I was honored to talk about boundary line disputes on this week’s Real Estate Radio Boston broadcast on WBZ 1030, hosted by Rick Scherer and Ali Alavi, Esq. The broadcast is below. Just click the Play button to listen! Or click on this link:  Real Estate Radio Boston | Richard Vetstein.

Tune into the broadcast every Saturday night from 8pm-9pm on WBZ 1030 AM. It’s a fantastic show!


property-line-survey-getty_f11341f289ae931d07403cac3726db78_3x2_jpg_300x200_q85Trial Report: Winiker v. Bell (Middlesex Superior Court CA 09-907)

I was lead trial counsel in a week-long adverse possession/boundary line dispute case back in August in Middlesex Superior Court before Judge Bruce Henry. We had closing arguments last week, and the judge’s decision just came down. I’m thrilled to report that we prevailed! Hard work (lots of it) does indeed pay off…

Judge Henry drafted a 13-page well-reasoned opinion, which I’ve embedded below. By and large, the judge accepted my view of the facts and the law, and cited many of the cases which I referenced in my briefs. The claimants, having been unable to establish adverse possession, were ordered by the judge to remove their driveway and retaining wall which encroaches onto my client’s property.

Some take-aways from the case:

  • Prepare, prepare, prepare. I had a lot more work on my side, with 8 testifying witnesses and a binder full of exhibits. I prepared for a solid two weeks before this trial, and by the trial, I knew every blade of grass and rock on the disputed area. I also had deposition testimony of the claimants which I used to impeach them when they inevitably changed their stories or failed to remember key details. I also had blowups of aerial photos of the property which were very helpful. Lastly, I convinced the trial judge to take a “view” of the property, so he could see the layout of the property himself. My opponent had much more trial experience than me, so I had to overcompensate by knowing the facts and law inside and out.
  • Track down old owners. Since my opponents were claiming adverse possession going back to the 1960’s, the first and most important thing we had to do was to track down all the old owners of my client’s property, and put together an accurate historical timeline of the property. Including my client, there were seven owners of the property! This was the only way my client could mount a defense against the claim. One of the old owners lived in Florida, and he came up to testify about having pig roasts near the disputed area, among other stories. Other former owners testified and a few were not exactly thrilled to be dragged into court.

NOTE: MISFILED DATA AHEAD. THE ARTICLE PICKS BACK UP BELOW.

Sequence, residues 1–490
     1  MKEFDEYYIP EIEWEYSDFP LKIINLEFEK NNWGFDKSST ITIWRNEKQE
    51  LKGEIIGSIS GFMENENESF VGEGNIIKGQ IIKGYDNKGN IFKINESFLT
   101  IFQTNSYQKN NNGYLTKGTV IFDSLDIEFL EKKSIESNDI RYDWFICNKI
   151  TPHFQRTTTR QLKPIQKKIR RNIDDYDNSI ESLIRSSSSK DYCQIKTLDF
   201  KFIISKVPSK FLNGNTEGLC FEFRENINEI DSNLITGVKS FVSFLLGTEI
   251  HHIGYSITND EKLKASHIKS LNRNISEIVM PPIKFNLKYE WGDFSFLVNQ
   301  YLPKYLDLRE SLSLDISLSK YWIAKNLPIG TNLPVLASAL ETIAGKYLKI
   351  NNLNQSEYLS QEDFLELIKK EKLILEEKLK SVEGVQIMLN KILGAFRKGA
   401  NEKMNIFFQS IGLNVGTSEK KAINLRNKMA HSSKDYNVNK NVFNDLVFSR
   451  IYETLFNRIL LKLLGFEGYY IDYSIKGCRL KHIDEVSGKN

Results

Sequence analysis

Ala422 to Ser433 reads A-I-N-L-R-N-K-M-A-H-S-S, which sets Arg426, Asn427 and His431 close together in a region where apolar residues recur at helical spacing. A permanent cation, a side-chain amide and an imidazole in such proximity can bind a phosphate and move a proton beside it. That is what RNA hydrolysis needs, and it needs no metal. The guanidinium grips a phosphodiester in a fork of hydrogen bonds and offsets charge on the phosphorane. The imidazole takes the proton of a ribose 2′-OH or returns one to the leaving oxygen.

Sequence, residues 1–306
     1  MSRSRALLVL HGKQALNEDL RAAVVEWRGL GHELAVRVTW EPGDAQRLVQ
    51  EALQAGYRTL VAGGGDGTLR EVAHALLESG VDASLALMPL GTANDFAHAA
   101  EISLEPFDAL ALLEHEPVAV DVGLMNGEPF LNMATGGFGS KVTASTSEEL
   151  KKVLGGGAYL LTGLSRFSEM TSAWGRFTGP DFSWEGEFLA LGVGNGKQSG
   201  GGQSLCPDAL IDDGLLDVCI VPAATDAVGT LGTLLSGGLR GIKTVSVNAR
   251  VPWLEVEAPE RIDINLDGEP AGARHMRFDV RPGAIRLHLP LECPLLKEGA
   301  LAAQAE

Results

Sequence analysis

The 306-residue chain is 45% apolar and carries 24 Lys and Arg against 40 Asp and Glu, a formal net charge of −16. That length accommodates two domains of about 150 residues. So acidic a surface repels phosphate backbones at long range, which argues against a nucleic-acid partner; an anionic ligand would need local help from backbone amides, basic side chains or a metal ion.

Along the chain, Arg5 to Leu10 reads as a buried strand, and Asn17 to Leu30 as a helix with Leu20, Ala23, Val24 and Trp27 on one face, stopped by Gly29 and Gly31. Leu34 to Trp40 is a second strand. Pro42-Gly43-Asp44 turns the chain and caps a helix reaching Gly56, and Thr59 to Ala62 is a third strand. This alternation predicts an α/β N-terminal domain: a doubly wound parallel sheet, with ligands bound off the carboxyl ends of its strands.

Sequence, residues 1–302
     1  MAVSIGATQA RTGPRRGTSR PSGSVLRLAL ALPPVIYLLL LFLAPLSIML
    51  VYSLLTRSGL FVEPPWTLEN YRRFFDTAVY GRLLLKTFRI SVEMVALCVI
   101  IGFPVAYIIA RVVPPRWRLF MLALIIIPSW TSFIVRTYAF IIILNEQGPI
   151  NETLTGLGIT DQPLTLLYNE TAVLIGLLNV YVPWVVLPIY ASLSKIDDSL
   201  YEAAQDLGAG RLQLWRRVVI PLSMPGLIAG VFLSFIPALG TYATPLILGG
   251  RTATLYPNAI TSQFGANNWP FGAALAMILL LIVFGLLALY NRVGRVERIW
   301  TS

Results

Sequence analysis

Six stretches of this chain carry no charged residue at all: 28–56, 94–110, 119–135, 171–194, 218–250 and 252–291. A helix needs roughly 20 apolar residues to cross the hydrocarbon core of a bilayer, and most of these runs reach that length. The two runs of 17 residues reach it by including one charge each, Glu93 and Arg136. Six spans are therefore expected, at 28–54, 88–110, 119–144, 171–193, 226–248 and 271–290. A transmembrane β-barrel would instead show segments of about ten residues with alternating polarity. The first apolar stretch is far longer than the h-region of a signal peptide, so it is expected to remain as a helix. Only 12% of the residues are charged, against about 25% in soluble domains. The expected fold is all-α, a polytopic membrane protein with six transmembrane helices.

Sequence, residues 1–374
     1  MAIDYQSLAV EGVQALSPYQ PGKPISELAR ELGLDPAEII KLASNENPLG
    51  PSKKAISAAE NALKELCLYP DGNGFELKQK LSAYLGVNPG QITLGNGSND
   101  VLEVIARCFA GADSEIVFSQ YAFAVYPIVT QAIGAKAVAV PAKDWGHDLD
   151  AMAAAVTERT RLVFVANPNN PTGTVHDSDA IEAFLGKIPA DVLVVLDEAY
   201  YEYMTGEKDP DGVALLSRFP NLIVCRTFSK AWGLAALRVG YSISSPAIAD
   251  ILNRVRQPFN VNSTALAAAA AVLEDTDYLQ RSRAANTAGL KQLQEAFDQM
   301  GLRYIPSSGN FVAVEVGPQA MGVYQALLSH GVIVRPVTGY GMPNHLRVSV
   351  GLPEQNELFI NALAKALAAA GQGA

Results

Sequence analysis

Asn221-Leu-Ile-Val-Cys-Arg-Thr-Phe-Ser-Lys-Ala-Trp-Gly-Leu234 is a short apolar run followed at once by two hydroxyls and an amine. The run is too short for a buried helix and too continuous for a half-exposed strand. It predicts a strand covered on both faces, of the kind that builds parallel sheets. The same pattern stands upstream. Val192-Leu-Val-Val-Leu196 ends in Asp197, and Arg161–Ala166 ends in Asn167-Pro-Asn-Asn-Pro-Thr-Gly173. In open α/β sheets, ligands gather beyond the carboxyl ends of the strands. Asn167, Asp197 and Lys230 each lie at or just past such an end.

• Establish a theory of the case. Going into the trial, I knew that the claimants’ use of the disputed property — lawn mowing, landscaping, storing construction materials and snow plowing — was arguably not strong enough to establish adverse possession. I also knew that they did nothing to prevent the owners of my client’s property from accessing the disputed area. I hammered them continuously on each of the required elements of adverse possession, eventually punching holes in the foundation of their case. I also had to be a bit ruthless. My opponents’ age was in their 70’s, so I had to exploit their memory lapses. An amusing moment was when the husband produced an old photo of his 3 kids, but when questioned, could not remember the names or ages of his own children!

With yet another win under my belt, I have built a solid niche practice area in Massachusetts adverse possession law and boundary line disputes. I really enjoy working on these types of cases as they are factually intensive and usually have a fair share of nasty neighbor drama!

Listen to my recent radio appearance on boundary line disputes and adverse possession! Click play.


Richard D. Vetstein, Esq. is an experienced Massachusetts adverse possession and boundary line dispute attorney who has tried numerous adverse possession cases in Land Court and Superior Court. Please contact me if you are dealing with a Massachusetts adverse possession dispute.

Samuel Winiker v. Kimberly BellJudgment, Findings of Fact and Rulings of Law